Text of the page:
- There are many reasons why workplace burnout is on the rise, and the recent pandemic has certainly exacerbated the issue.
- With high levels of worker burnout caused by discontent in the workplace, employers might be curious to see whether or not salary has an effect on burnout rates.
- In a Q&A with Jennifer Strauel, Chief People & Diversity Officer at arrivia, she explained her view on the correlation between employee pay and burnout.
When humans are under unrelenting pressure, everyday stresses can morph into a debilitating state called burnout, and avoiding burnout is vital to stay on top of your mental and physical health.
Often, our work is the core reason behind burnout. A study found that 23% of workers experience burnout very often or always, and an additional 44% feel burnt out sometimes.
In other words, nearly two-thirds of employees are feeling burnt out on the job.
There are many reasons why workplace burnout is on the rise, and the recent pandemic has certainly exacerbated the issue.
According to a Morning Consult survey of 1,300 people who quit their jobs in the last year, 63% stated that money was their main concern.
It’s clear that levels of burnout are growing incrementally as understaffing continues to plague the labor market.
With high levels of worker burnout caused by discontent in the workplace, employers might be curious to see whether or not salary has an effect on burnout rates.
CouponFollow polled over 1,000 people to see just how much a pay raise or pay cut would affect the workplace contentment of an employee.
Key Study Highlights:
- An annual raise of $1,000 (50 cents an hour) would notably improve the life of 1 in 3 low-income Americans.
- If given a raise, 39% of people would spend their raise on financial betterment such as emergency and retirement savings.
- Individuals are nearly 2x as likely to put a raise towards an emergency fund than towards a vacation.
- Two in 5 Americans said a raise would improve their mental health, and one-quarter said it would improve their physical health.
According to the survey, the average American would notice an improvement in the quality of their life with an extra $5,780 each year, or roughly $482 extra per month
On average, respondents would spend the majority of their raise (42%) on essentials. Within this category, 53% of respondents would allocate funds to groceries and food; 35% would spend on household items and supplies; and 32% would spend on monthly loan payments.
A raise of just 3% a year correlated with anticipated improvements in mental and physical health, family relationships, and overall lifestyle. An annual raise of $1,000 would reportedly improve the life of more than 20% of Americans.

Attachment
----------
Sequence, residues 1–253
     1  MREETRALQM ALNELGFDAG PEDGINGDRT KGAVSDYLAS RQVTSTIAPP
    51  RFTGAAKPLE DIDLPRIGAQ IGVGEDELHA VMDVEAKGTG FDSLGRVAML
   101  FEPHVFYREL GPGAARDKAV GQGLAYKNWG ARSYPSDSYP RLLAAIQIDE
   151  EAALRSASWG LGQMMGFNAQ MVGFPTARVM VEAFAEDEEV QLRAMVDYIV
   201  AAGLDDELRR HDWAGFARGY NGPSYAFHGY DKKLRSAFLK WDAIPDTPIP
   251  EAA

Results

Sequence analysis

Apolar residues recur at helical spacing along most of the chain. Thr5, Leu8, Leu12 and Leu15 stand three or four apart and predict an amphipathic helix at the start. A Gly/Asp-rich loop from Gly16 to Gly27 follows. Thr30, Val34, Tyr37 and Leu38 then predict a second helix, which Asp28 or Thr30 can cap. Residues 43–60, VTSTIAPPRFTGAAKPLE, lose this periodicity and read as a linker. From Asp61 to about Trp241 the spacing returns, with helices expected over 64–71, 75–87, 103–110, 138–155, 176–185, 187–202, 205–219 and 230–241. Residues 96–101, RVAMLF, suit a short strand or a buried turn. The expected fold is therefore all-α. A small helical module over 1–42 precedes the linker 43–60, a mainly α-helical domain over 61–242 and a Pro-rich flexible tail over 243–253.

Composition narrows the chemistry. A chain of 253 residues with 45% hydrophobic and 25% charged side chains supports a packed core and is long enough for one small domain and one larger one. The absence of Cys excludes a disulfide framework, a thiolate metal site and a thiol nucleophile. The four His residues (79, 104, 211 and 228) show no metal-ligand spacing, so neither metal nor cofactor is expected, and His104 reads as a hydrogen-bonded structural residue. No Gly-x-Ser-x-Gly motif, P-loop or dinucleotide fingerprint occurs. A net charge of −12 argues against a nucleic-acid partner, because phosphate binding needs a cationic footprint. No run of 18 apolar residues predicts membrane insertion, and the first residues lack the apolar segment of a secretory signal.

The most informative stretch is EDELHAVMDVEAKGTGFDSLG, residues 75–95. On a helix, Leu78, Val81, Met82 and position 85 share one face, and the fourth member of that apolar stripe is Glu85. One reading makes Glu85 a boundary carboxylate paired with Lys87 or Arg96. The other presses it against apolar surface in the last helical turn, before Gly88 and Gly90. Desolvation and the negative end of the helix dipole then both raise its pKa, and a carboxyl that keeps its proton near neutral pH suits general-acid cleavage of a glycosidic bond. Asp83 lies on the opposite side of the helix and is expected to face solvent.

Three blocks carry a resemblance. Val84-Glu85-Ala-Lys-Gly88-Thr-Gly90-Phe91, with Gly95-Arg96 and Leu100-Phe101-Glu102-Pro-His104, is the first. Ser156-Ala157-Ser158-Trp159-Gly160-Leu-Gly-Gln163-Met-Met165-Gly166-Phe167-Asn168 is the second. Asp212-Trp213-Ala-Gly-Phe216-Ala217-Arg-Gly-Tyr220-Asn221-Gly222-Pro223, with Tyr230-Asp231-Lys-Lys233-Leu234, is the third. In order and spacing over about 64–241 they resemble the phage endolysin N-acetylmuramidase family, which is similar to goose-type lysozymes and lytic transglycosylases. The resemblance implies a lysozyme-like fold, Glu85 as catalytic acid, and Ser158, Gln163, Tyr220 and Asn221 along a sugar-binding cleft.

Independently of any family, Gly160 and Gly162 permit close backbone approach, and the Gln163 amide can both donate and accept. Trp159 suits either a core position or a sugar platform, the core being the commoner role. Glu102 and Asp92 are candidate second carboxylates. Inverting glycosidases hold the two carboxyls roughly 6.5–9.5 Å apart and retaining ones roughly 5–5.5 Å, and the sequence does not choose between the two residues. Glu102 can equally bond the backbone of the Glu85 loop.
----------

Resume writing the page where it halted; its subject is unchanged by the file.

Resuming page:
In a Q&A with Jennifer Strauel, Chief People & Diversity Officer at arrivia, she explained her view on the connection between employee pay and burnout.
Allwork.Space: Do you agree that a raise is the answer to preventing employee burnout?
Jennifer Strauel: No. Burnout is not created by the amount of money an employee receives (or doesn’t receive) in their paycheck.
Burnout comes from the psychological aspects of work, overwhelming stress, and a prolonged lack of bandwidth to successfully handle both job requirements and life demands. When we ask employees what leads them to feeling burnt-out, we hear things like:
- Lack of recognition for their hard work and extra effort
- Pressure of deadlines and a workload higher than sustainable for one person
- Feeling emotionally and physically tired from “burning the candle at both ends” for too long
- Lack of support from their leader and/or team
These stressors and concerns are not alleviated when someone receives a raise. Typically, compensation adjustments provide about a 90-day lift to morale and job performance; after that time, the effect wears off and burnout creeps back in since the root causes have not been rectified.
The best remedy for employee burnout is cultivating a healthy workplace culture, demonstrating care for employee well-being, acknowledging employee contributions, and making sure that everyone takes time off to recharge by offering employer-sponsored travel benefits.
Allwork.Space: What can companies/HR execs/managers do to hinder burnout within their employees?
Jennifer Strauel: At arrivia, we do many things to help prevent burnout in our workforce; some items are structural and others are interpersonal. At a foundational level, we have policies, facilities, and benefits in place to create a safe and supportive work environment.
We design our buildings with our employee’s well-being in mind, using bright colors and travel imagery, having ergonomic furniture, wellness rooms and/or gyms, inviting outdoor spaces, and providing amenities like gourmet coffee at no charge.
Structurally, we also have policies and practices that provide emotional support for our team, including an open-door policy, unlimited PTO, employer-sponsored travel benefits, paid family leave, volunteer time-off, monthly mental health webinars, an extensive global employee assistance program, and rewards and recognition programs.
We also help build the interpersonal skills of our leaders, training them on how to be supportive with their teams, how to recognize signs of burnout or mental health issues, and how to provide purpose, vision, and opportunities for growth.
As HR professionals, my team conducts focus groups and one-on-one check-in chats with employees to keep a pulse on employee sentiments and stress levels, provide resources to employees, and develop creative solutions with leaders to address any issues identified.